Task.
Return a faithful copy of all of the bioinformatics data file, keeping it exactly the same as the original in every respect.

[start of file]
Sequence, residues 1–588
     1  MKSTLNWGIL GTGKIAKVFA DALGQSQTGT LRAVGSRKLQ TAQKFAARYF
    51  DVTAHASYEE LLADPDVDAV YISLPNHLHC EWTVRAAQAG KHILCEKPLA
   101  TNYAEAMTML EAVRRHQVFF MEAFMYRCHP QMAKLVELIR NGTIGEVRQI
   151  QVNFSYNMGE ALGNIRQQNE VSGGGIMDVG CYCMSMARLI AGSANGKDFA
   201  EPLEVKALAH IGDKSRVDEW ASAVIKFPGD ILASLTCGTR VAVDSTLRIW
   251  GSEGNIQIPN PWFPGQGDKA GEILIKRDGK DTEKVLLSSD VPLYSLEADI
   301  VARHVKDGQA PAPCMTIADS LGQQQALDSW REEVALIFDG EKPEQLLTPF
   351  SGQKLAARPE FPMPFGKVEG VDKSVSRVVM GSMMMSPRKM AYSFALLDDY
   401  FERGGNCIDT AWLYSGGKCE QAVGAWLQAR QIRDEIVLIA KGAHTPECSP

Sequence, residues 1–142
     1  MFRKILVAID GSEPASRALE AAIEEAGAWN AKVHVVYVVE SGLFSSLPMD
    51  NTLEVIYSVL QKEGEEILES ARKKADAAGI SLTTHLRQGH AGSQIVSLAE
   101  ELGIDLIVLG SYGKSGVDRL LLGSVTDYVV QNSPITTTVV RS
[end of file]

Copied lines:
Sequence, residues 1–588
     1  MKSTLNWGIL GTGKIAKVFA DALGQSQTGT LRAVGSRKLQ TAQKFAARYF
    51  DVTAHASYEE LLADPDVDAV YISLPNHLHC EWTVRAAQAG KHILCEKPLA
   101  TNYAEAMTML EAVRRHQVFF MEAFMYRCHP QMAKLVELIR NGTIGEVRQI
   151  QVNFSYNMGE ALGNIRQQNE VSGGGIMDVG CYCMSMARLI AGSANGKDFA
   201  EPLEVKALAH IGDKSRVDEW ASAVIKFPGD ILASLTCGTR VAVDSTLRIW
   251  GSEGNIQIPN PWFPGQGDKA GEILIKRDGK DTEKVLLSSD VPLYSLEADI
   301  VARHVKDGQA PAPCMTIADS LGQQQALDSW REEVALIFDG EKPEQLLTPF
   351  SGQKLAARPE FPMPFGKVEG VDKSVSRVVM GSMMMSPRKM AYSFALLDDY
   401  FERGGNCIDT AWLYSGGKCE QAVGAWLQAR QIRDEIVLIA KGAHTPECSP

Sequence, residues 1–142
     1  MFRKILVAID GSEPASRALE AAIEEAGAWN AKVHVVYVVE SGLFSSLPMD
    51  NTLEVIYSVL QKEGEEILES ARKKADAAGI SLTTHLRQGH AGSQIVSLAE
   101  ELGIDLIVLG SYGKSGVDRL LLGSVTDYVV QNSPITTTVV RS